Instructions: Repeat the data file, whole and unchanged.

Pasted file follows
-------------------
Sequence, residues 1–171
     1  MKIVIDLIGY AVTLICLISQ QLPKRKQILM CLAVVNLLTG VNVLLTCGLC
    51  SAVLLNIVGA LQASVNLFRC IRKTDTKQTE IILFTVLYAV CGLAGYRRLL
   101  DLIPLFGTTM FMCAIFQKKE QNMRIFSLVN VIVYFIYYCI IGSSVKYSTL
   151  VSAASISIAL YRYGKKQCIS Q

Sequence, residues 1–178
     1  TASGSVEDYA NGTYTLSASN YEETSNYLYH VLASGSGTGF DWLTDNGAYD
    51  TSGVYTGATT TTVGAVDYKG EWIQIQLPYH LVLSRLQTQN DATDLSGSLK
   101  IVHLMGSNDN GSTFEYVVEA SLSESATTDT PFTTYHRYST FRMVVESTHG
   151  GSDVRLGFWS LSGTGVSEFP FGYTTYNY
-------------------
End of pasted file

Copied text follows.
Sequence, residues 1–171
     1  MKIVIDLIGY AVTLICLISQ QLPKRKQILM CLAVVNLLTG VNVLLTCGLC
    51  SAVLLNIVGA LQASVNLFRC IRKTDTKQTE IILFTVLYAV CGLAGYRRLL
   101  DLIPLFGTTM FMCAIFQKKE QNMRIFSLVN VIVYFIYYCI IGSSVKYSTL
   151  VSAASISIAL YRYGKKQCIS Q

Sequence, residues 1–178
     1  TASGSVEDYA NGTYTLSASN YEETSNYLYH VLASGSGTGF DWLTDNGAYD
    51  TSGVYTGATT TTVGAVDYKG EWIQIQLPYH LVLSRLQTQN DATDLSGSLK
   101  IVHLMGSNDN GSTFEYVVEA SLSESATTDT PFTTYHRYST FRMVVESTHG
   151  GSDVRLGFWS LSGTGVSEFP FGYTTYNY